As a writer and academic at the state-run al-Ahram Centre she was recently approached by the Israeli Ambassador, Shalom Cohen, who was keen to organise a debate on President Barack Obama's initiatives for peace.
Since her meeting she has been vilified by her peers. Yehya Qallash, a member of the Journalists Syndicate, accused Ms Mustafa "of facilitating normalisation with Israel by welcoming Israelis into newspaper offices".
The al-Ahram Media Group, the largest group in Egypt, has since voted to boycott Israel.
The group's journalists are no longer allowed to interview Israelis, while the organisation refuses invitations to events where Israelis are participating.
Ms Mustafa told me she was shocked by the reaction.
"According to our constitution I have the right to think and act freely," she said, "to express my own point of view. There is nothing to prevent my meeting with Israelis - or with the Israeli ambassador who we all know is approved by the state."
Helping the reader
Gaber Asfour, the director of Egypt's National Centre for Translation, thinks the reaction was entirely predictable.
"We are intellectuals and this issue is openly discussed. But peace is an effort. It takes two. And that is why we prefer Arab writers and academics to wait - until we have a fair peace," Mr Asfour argued.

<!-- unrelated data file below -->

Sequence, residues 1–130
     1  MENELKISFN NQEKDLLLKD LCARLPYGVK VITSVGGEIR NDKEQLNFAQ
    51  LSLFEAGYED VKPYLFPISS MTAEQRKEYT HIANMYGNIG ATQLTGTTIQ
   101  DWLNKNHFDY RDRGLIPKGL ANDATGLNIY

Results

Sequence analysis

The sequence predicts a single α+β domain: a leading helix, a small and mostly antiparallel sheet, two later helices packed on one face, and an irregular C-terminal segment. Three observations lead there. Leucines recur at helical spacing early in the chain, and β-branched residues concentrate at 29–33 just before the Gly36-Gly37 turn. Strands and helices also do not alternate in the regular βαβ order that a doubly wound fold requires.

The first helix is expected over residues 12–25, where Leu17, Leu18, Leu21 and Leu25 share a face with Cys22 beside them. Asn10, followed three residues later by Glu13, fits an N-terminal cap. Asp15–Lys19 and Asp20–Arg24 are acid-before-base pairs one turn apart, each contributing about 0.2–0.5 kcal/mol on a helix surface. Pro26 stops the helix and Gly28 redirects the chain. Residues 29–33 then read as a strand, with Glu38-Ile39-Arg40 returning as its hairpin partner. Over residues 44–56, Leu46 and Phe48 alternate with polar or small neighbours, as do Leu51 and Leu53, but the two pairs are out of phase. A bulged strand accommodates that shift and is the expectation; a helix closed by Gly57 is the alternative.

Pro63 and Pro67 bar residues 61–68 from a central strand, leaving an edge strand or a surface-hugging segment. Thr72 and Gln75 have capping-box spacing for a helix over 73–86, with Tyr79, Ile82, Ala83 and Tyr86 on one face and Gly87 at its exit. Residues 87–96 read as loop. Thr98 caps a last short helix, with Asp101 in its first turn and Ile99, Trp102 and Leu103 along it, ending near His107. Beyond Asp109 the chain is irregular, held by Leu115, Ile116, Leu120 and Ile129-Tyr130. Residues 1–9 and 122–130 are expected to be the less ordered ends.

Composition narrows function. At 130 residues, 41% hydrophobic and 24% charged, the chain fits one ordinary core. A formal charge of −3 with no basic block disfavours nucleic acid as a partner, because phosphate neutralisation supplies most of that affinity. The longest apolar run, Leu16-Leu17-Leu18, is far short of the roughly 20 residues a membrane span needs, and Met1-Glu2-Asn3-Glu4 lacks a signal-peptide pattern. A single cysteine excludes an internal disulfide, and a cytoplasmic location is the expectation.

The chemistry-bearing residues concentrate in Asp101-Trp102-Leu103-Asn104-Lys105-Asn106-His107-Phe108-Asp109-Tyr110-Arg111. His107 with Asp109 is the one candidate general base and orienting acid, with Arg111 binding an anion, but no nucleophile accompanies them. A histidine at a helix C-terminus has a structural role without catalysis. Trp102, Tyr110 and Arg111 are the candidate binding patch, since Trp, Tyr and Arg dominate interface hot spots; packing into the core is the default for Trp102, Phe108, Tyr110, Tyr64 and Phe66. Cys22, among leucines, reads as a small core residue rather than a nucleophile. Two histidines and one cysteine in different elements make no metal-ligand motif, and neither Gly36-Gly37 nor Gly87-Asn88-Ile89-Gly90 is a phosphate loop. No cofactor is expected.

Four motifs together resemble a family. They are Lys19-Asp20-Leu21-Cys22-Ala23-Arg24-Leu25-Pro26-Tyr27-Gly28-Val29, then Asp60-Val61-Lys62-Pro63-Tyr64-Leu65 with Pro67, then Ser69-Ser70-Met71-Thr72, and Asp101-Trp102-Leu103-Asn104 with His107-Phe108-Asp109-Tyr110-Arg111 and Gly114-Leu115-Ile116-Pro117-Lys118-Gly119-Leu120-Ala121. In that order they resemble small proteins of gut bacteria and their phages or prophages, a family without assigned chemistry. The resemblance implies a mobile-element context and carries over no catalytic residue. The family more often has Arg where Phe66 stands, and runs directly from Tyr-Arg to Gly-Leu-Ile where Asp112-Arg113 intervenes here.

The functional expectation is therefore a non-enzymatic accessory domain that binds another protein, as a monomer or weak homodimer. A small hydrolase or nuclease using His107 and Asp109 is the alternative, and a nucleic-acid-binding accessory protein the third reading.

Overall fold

Many in Egypt regret rather than celebrate the peace agreement with Israel
Since the 1960s Mr Asfour says his department has only translated "around 10 books" directly from Hebrew. They stopped translating them in 2000.
But this year the Egyptian Ministry of Culture announced it had signed a contract with a European publishing house for translating books by Israeli authors David Grossman and Amos Oz from English.
"This way we don't have to speak to the Israeli publishers," explains Mr Asfour. "And we are going to preface each of these books with an introduction explaining everything."
"Don't you trust the reader?" I asked him.
"Of course we respect the mind of the reader," he replied. "But we are going to help him with this introduction.
"We have to know our enemy," he said. "Israel acts with injustice and inhumanity, we have to learn more about them. More than we already know. We have to translate everything."
Other Egyptian intellectuals take a harder line. They refuse Israel's right to exist and they believe translating Israeli books will significantly further cultural normalization.
"The translation of books (by Grossman and Oz) are a step towards the destruction of a psychological barrier," wrote the Egyptian columnist Ammar Ali Hassan.
In these 30 years of peace between Egypt and Israel there has been collaboration on politics, defence, business and agriculture but when it comes to culture the Egyptians are still mired in the cold war.
Some liberal scholars - and the American administration - argue there is nothing to fear from intellectual discourse with Israel perhaps even something to gain. Others reject it completely.
For the Arabs cultural normalisation is the last card - and it should only be dealt when a lasting and definitive peace has been achieved.